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A great leader and strategist of his day, Joshua was truly a man used by God to impact a whole nation. Chosen by the Lord to lead the Israelites into the Promised Land, Joshua refused to shrink back from challenge after challenge, ultimately entering, conquering, and dividing the land among his fellow Hebrews. In fact, the Israelites remained true to Jehovah even after Joshua’s death, a legacy left by few others.
So what were his habits? What traits did Joshua exhibit that created such a climate for impact? Are there transferable principles from his life to help leaders today? Here are some observations about leadership from the life of Joshua.
- Leaders emphasize God twice as much as man (Joshua 1:1-18). Each time Joshua mentioned man and his responsibility, he talked about God (or a reference to Him) and His promises twice. Effective leaders always focus on God more than man!
- Leaders obey God, regardless of the risk involved (Joshua 3:7-6:27; 7:6-26). By nature, leaders forge new paths; they explore and build new roads. Consequently, risk is inevitable; it’s simply part of the leadership package. Avoid risk, and you’re not a pathfinder, but simply a traffic cop. In other words, useful, but not inspiring.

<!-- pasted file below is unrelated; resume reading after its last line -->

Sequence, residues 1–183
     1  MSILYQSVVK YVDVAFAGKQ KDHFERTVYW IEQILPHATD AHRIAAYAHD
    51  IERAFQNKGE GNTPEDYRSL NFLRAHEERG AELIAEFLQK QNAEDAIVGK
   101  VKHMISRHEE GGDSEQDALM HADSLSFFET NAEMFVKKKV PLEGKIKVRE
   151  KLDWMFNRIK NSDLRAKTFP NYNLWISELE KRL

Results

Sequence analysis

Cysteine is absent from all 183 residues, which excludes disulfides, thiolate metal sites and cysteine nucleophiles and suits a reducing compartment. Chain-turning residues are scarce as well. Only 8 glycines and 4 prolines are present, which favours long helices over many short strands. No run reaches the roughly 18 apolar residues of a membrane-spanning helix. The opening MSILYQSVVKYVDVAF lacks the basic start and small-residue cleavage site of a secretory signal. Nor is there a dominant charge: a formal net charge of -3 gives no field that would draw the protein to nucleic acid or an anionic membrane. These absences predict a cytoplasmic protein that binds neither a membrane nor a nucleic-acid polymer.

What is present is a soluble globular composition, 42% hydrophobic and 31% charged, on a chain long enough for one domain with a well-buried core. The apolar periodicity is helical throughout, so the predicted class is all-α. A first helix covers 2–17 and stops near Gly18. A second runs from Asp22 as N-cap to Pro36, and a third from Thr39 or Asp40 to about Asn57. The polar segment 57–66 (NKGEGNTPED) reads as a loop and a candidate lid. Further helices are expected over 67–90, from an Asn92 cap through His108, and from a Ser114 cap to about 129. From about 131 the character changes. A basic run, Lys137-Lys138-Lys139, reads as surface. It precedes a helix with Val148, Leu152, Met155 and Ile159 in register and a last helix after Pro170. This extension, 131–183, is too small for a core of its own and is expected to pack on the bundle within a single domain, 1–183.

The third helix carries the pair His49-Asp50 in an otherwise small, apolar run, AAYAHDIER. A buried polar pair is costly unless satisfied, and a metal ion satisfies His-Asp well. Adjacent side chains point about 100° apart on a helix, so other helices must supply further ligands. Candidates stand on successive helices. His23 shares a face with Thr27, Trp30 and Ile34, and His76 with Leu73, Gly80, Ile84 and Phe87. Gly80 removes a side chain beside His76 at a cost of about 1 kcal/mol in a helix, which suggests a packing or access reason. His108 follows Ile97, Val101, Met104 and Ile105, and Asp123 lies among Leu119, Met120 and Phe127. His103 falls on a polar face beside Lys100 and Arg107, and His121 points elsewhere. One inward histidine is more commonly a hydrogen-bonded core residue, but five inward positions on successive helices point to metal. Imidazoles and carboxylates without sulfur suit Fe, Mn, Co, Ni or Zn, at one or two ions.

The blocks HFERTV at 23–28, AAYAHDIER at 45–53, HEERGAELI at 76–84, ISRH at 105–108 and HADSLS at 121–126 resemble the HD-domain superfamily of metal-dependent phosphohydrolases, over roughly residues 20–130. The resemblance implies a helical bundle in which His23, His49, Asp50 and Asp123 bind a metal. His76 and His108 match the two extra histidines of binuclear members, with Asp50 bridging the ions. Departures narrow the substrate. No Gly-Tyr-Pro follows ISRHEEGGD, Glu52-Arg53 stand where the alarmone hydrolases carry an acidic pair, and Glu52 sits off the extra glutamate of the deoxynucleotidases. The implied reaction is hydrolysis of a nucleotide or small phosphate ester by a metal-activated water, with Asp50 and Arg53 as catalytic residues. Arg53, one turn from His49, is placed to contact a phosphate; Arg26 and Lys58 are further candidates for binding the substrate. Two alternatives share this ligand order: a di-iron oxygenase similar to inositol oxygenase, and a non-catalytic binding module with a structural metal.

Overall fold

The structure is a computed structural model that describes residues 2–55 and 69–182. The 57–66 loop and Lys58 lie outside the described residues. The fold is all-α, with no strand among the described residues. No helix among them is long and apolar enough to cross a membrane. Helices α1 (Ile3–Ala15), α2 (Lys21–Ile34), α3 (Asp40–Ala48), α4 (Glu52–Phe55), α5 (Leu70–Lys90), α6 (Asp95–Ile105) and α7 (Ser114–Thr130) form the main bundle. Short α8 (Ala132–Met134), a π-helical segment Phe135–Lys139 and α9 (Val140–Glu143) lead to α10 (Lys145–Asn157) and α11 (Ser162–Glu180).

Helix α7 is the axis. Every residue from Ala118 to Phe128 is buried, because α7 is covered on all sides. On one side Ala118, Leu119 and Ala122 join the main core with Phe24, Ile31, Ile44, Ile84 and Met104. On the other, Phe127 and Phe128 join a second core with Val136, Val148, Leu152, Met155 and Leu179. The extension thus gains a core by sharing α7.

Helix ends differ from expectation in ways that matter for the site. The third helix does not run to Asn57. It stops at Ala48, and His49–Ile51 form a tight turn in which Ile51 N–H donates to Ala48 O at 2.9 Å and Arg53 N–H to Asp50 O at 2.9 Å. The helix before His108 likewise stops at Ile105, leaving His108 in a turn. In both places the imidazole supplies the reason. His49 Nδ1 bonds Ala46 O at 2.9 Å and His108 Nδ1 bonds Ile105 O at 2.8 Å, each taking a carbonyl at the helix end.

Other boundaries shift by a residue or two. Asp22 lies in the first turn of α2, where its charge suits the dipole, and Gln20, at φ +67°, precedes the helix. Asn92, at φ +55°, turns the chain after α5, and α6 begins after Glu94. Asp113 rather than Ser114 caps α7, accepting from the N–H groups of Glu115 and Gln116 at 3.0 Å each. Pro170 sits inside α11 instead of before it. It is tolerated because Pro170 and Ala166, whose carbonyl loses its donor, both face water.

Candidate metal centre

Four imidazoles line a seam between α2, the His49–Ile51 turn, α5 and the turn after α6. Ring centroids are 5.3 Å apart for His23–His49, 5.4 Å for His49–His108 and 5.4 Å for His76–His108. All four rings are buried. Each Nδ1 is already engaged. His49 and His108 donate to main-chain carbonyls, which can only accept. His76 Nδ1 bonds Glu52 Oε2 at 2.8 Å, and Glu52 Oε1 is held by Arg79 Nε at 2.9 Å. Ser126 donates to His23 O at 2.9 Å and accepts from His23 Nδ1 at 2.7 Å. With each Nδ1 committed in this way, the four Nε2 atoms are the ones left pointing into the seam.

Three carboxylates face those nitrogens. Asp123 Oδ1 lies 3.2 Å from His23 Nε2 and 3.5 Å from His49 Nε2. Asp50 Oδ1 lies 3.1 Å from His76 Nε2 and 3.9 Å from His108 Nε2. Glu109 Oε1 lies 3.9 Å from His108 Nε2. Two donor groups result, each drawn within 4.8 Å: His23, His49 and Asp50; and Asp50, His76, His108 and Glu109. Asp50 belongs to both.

- Leaders understand that personal worship is primary, and personal projects are secondary (Joshua 5:13-15; 8:30-35). It’s our soul that is of utmost importance to God, not our schedule. God is more interested in who we are becoming, not what we are doing.
- Leaders pray constantly, consulting with the Father before making decisions (Joshua 9:3-21; 10:12-14). Four things to consider in what I call “decision praying:”
- Is everything I’m seeing true?
- Is everything I’m hearing true?
- Does this line up with previous information already proven true?
- When I double-check it all again, will it still be true?
- Leaders recognize the continuing impact of previous people (Joshua 11:15, 20, 23; 12:6; 13:8; 14:2; 20:2; 24:2-15). Joshua used the legacy of Moses’ leadership as a catapult. It propelled him farther and gave him greater impact than was ever possible alone.
- Leaders capitalize on the power of momentum (Joshua 10:29-42). Do what you can when things are already rolling along at a good clip. A speeding train is somewhat easy to keep going. But once stopped, it can be a difficult vehicle to get moving. When momentum is on your side, your energy is directed towards steering things; when it’s not, your energy is used up in starting things. Work to build momentum so you can concentrate on steering.
- Leaders empower people to act for themselves (Joshua 17:14-18). Biblical delegation, or the art of empowering others to act in their own best interest, includes, but is not limited to, the following:
- Empowering – “you” (mentioned 7 times)
- Authorizing – “go up . . . clear land”
- Envisioning (the potential) – “you will have not only allotment, but the forested hill country as well”
- Affirming – “you are numerous . . . you can drive them out”
Which of these have you most experienced or applied? Are there other lessons from the life of Joshua that have impacted you?